A robust approach for finding all well-separated solutions of sparse systems of nonlinear equations

A robust approach for finding all well-separated solutions of sparse systems of nonlinear equations Tearing is a long-established decomposition technique, widely adapted across many engineering fields. It reduces the task of solving a large and sparse nonlinear system of equations to that of solving a sequence of low-dimensional ones. The most serious weakness of this approach is well-known: It may suffer from severe numerical instability. The present paper resolves this flaw for the first time. The new approach requires reasonable bound constraints on the variables. The worst-case time complexity of the algorithm is exponential in the size of the largest subproblem of the decomposed system. Although there is no theoretical guarantee that all solutions will be found in the general case, increasing the so-called sample size parameter of the method improves robustness. This is demonstrated on two particularly challenging problems. Our first example is the steady-state simulation a challenging distillation column, belonging to an infamous class of problems where tearing often fails due to numerical instability. This column has three solutions, one of which is missed using tearing, but even with problem-specific methods that are not based on tearing. The other example is the Stewart–Gough platform with 40 real solutions, an extensively studied benchmark in the field of numerical algebraic geometry. For both examples, all solutions are found with a fairly small amount of sampling. http://www.deepdyve.com/assets/images/DeepDyve-Logo-lg.png Numerical Algorithms Springer Journals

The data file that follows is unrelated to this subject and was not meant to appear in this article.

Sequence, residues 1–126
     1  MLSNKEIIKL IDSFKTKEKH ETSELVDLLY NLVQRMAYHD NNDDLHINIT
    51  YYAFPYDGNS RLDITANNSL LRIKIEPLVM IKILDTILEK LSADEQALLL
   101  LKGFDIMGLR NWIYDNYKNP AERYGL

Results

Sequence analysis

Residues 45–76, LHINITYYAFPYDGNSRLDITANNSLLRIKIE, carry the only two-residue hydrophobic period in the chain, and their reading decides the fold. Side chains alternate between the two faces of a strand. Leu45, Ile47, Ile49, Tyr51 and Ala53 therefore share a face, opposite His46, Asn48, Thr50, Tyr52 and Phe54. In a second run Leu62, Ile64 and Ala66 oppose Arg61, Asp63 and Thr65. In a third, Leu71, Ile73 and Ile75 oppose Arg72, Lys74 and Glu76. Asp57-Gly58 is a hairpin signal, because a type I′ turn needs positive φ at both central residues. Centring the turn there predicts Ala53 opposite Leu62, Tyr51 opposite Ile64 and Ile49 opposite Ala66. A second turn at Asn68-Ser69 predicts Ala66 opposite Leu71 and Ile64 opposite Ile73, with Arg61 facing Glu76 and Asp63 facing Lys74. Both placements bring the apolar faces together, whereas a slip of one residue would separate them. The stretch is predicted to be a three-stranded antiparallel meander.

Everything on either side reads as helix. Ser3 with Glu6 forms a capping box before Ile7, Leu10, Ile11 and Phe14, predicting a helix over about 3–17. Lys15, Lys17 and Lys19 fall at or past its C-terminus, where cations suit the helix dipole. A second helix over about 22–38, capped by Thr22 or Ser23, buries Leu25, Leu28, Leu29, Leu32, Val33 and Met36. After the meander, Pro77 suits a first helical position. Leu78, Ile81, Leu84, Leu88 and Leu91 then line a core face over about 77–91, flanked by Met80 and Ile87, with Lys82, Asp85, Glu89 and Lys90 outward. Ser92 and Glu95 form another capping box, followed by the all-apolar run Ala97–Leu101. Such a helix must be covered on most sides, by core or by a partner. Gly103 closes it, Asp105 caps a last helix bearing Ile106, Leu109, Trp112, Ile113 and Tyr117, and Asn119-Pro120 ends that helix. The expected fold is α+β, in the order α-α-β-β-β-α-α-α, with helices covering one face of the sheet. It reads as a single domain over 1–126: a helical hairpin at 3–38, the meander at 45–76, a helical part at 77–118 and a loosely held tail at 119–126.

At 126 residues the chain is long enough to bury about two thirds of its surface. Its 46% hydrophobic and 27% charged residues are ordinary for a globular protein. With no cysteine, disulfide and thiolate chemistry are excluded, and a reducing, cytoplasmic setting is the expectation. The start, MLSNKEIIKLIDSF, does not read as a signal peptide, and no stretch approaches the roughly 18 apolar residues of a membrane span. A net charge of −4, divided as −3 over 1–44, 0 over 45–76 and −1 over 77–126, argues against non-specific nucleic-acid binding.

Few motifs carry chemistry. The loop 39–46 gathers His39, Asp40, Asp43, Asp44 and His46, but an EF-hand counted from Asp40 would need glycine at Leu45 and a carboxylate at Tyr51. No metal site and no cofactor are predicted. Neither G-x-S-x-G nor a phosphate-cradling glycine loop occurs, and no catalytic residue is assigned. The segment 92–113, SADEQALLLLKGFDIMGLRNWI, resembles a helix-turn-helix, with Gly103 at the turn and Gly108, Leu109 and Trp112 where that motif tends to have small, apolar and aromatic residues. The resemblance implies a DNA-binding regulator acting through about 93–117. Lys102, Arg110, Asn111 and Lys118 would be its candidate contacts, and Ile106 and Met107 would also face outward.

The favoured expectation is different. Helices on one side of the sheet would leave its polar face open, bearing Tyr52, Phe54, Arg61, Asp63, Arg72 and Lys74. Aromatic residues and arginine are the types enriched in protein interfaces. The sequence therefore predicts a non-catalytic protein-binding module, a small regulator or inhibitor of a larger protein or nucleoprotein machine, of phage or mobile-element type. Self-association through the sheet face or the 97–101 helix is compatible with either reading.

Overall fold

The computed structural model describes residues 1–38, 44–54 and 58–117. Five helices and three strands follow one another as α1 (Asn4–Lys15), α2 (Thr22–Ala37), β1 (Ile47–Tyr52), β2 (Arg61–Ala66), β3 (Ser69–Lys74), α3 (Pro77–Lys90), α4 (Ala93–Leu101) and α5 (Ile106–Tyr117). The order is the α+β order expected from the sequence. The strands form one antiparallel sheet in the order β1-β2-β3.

A robust approach for finding all well-separated solutions of sparse systems of nonlinear equations

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Publisher
Springer US
Copyright
Copyright © 2016 by The Author(s)
Subject
Computer Science; Numeric Computing; Algorithms; Algebra; Theory of Computation; Numerical Analysis
ISSN
1017-1398
eISSN
1572-9265
D.O.I.
10.1007/s11075-016-0249-x
Publisher site
See Article on Publisher Site

Abstract

Tearing is a long-established decomposition technique, widely adapted across many engineering fields. It reduces the task of solving a large and sparse nonlinear system of equations to that of solving a sequence of low-dimensional ones. The most serious weakness of this approach is well-known: It may suffer from severe numerical instability. The present paper resolves this flaw for the first time. The new approach requires reasonable bound constraints on the variables. The worst-case time complexity of the algorithm is exponential in the size of the largest subproblem of the decomposed system. Although there is no theoretical guarantee that all solutions will be found in the general case, increasing the so-called sample size parameter of the method improves robustness. This is demonstrated on two particularly challenging problems. Our first example is the steady-state simulation a challenging distillation column, belonging to an infamous class of problems where tearing often fails due to numerical instability. This column has three solutions, one of which is missed using tearing, but even with problem-specific methods that are not based on tearing. The other example is the Stewart–Gough platform with 40 real solutions, an extensively studied benchmark in the field of numerical algebraic geometry. For both examples, all solutions are found with a fairly small amount of sampling.

Journal

Numerical AlgorithmsSpringer Journals

Published: Dec 17, 2016

References

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